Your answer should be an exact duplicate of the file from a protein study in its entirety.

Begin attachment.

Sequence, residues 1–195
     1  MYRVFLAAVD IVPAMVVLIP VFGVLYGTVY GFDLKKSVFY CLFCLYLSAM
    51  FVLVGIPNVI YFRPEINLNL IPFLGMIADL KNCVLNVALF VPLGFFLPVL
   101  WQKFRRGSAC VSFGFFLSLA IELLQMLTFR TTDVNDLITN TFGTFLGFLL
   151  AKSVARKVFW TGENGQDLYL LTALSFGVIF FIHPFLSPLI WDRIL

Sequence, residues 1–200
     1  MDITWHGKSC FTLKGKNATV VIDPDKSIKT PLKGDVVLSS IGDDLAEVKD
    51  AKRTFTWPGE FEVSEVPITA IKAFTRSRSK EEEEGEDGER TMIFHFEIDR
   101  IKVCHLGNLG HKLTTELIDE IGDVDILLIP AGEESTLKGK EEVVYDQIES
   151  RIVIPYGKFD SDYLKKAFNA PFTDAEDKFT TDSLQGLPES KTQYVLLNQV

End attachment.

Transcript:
Sequence, residues 1–195
     1  MYRVFLAAVD IVPAMVVLIP VFGVLYGTVY GFDLKKSVFY CLFCLYLSAM
    51  FVLVGIPNVI YFRPEINLNL IPFLGMIADL KNCVLNVALF VPLGFFLPVL
   101  WQKFRRGSAC VSFGFFLSLA IELLQMLTFR TTDVNDLITN TFGTFLGFLL
   151  AKSVARKVFW TGENGQDLYL LTALSFGVIF FIHPFLSPLI WDRIL

Sequence, residues 1–200
     1  MDITWHGKSC FTLKGKNATV VIDPDKSIKT PLKGDVVLSS IGDDLAEVKD
    51  AKRTFTWPGE FEVSEVPITA IKAFTRSRSK EEEEGEDGER TMIFHFEIDR
   101  IKVCHLGNLG HKLTTELIDE IGDVDILLIP AGEESTLKGK EEVVYDQIES
   151  RIVIPYGKFD SDYLKKAFNA PFTDAEDKFT TDSLQGLPES KTQYVLLNQV